Engineering and public services group Jarvis is threatening legal action against a specialist rail magazine after the company's stock market value slumped almost £70m.
The free-fall in the share price followed allegations in several publications that the company had falsified rail maintenance documents.
Jarvis, the company at the centre of the Potter's Bar rail disaster, has enlistedlibel specialists Carter Ruck, in its attempt to win redress.
Nigel Harris, managing editor of Rail magazine and author of the report in question, confirmed Emap, publisher of the journal, was in talks with Jarvis over an alleged libel.
The allegations concern the magazine's coverage of work done by Jarvis on the West Coast Main Line (WCML).
Part of the route between Macclesfield and Stoke-on-Trent opened a week late after an 18-week shutdown.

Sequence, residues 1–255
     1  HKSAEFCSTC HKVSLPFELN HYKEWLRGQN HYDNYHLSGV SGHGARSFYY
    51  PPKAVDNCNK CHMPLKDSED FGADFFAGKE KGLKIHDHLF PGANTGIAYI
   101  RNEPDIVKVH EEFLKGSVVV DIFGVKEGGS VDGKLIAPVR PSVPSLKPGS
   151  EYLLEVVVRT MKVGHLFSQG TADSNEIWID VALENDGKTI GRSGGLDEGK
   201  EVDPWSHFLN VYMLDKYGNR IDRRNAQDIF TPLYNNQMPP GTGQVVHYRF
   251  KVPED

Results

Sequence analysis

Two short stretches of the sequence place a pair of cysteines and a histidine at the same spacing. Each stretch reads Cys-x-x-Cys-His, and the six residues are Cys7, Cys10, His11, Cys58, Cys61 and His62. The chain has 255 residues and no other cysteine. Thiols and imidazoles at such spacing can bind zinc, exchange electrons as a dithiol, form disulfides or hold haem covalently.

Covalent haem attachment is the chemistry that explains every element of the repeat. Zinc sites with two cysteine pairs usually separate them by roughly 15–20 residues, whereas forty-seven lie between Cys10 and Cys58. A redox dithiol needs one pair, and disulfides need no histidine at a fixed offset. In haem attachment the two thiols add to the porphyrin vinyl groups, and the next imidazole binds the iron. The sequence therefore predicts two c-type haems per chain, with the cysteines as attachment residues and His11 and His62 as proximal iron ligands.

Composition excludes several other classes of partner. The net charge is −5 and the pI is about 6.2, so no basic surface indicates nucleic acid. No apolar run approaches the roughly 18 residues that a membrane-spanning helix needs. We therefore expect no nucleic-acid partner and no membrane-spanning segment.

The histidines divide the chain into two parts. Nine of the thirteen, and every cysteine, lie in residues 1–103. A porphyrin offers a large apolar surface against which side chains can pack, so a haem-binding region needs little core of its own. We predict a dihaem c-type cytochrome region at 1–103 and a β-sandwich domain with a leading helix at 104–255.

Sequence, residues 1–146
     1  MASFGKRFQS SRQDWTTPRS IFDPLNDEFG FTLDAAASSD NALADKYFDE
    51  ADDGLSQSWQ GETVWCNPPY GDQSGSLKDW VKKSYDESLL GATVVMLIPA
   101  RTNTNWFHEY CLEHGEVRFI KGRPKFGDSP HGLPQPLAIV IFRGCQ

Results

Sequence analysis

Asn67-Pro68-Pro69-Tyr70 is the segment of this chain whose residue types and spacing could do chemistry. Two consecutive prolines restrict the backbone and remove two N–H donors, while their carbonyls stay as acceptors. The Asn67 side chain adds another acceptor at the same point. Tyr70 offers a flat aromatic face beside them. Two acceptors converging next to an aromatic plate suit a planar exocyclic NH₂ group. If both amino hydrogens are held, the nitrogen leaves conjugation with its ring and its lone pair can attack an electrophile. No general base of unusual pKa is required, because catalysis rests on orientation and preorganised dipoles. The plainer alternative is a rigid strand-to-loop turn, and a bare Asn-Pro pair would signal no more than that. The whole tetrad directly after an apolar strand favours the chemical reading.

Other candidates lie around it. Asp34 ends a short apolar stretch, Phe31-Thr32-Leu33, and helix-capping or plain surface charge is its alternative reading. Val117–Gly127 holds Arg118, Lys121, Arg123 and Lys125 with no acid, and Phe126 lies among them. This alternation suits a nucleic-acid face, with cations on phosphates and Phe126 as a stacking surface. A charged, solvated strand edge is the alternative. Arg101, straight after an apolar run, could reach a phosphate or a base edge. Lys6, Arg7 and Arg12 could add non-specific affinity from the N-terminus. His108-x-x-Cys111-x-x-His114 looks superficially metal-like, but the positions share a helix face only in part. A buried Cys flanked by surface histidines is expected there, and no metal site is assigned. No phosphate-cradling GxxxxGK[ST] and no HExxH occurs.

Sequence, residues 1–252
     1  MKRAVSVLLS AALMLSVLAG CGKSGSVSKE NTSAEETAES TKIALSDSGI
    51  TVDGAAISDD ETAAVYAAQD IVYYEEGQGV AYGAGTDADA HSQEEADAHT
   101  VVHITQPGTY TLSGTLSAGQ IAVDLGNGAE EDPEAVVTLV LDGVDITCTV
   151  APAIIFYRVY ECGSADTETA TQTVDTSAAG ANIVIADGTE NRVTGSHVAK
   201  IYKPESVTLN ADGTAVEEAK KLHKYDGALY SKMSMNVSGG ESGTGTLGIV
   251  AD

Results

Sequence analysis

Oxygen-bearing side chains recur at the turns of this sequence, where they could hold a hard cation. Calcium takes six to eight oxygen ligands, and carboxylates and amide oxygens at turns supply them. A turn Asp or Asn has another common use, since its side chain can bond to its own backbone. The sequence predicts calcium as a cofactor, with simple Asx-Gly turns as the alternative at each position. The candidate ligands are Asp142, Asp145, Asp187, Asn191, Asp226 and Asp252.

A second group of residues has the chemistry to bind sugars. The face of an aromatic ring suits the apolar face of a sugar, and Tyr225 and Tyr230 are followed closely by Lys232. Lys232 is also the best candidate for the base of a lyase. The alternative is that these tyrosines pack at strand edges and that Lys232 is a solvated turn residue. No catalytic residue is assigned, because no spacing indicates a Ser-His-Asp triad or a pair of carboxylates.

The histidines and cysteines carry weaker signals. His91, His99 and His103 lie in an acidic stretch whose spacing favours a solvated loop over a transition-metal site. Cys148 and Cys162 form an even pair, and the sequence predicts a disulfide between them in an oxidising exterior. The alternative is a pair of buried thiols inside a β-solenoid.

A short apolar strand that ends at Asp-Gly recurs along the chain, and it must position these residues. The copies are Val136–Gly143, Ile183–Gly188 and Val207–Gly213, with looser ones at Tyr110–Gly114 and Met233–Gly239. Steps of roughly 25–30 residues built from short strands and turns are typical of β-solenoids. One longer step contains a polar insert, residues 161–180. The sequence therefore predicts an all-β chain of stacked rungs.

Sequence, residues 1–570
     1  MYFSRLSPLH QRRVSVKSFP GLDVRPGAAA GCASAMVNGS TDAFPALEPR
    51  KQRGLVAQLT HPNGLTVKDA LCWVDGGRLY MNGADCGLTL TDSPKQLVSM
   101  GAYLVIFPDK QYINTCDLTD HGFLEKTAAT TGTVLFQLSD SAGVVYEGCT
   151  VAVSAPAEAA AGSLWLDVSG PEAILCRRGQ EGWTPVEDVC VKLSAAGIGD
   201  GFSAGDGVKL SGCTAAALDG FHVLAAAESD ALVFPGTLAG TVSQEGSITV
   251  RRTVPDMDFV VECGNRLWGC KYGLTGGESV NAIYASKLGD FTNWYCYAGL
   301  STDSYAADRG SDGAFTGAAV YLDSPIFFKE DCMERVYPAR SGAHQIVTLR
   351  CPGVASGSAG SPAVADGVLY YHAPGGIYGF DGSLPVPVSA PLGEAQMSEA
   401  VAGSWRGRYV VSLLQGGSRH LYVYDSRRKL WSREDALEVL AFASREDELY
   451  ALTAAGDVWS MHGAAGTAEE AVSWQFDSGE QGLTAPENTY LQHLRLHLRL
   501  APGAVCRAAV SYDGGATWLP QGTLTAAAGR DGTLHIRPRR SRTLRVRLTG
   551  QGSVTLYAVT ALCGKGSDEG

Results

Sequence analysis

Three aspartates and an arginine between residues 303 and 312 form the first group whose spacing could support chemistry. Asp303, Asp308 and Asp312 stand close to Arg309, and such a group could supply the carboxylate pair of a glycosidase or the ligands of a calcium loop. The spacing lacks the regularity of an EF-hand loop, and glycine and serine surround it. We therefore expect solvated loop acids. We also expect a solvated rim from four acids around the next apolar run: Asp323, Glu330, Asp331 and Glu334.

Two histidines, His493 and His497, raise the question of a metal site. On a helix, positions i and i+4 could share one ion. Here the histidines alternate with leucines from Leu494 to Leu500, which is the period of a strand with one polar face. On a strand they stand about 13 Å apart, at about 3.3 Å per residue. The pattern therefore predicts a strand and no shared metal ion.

After an inspection of the work, the rail infrastructure organisation Network Rail called for 20mph speed limits to be imposed at 23 locations. Inspectors had found that new track had not been properly "stressed'' to deal with falling autumn temperatures.
Jarvis issued a statement acknowledging that some sections of the line had to be "re-stressed'' after "localised anomalies'' were discovered.
The company apologised and refuted any suggestion that documents had been "deliberately falsified''. It added: "Any Jarvis employee who falsified documentation could expect to be dismissed immediately and possibly prosecuted.''
While the company has relinquished its rail maintenance contracts, it has been determined to keep work to "enhance'' the network. It is estimated that the rail business makes up half of its turnover.
The reputation of Jarvis came under fire over the fatal derailment at Potter's Bar on 10 May last year. It maintained the track.
But the incident at London's Kings Cross station on 16 September put paid to its interest in rail maintenance, when an express was derailed because a length of track was missing after overnight repairs by Jarvis.Reuse content